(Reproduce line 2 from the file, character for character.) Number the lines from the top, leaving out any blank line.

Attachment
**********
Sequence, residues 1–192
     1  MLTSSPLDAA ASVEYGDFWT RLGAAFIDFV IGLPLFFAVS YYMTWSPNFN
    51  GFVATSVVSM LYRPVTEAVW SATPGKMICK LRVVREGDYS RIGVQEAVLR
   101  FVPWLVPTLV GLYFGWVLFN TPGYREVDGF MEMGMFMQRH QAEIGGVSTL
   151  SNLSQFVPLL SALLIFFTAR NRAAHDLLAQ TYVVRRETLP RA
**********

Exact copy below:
     1  MLTSSPLDAA ASVEYGDFWT RLGAAFIDFV IGLPLFFAVS YYMTWSPNFN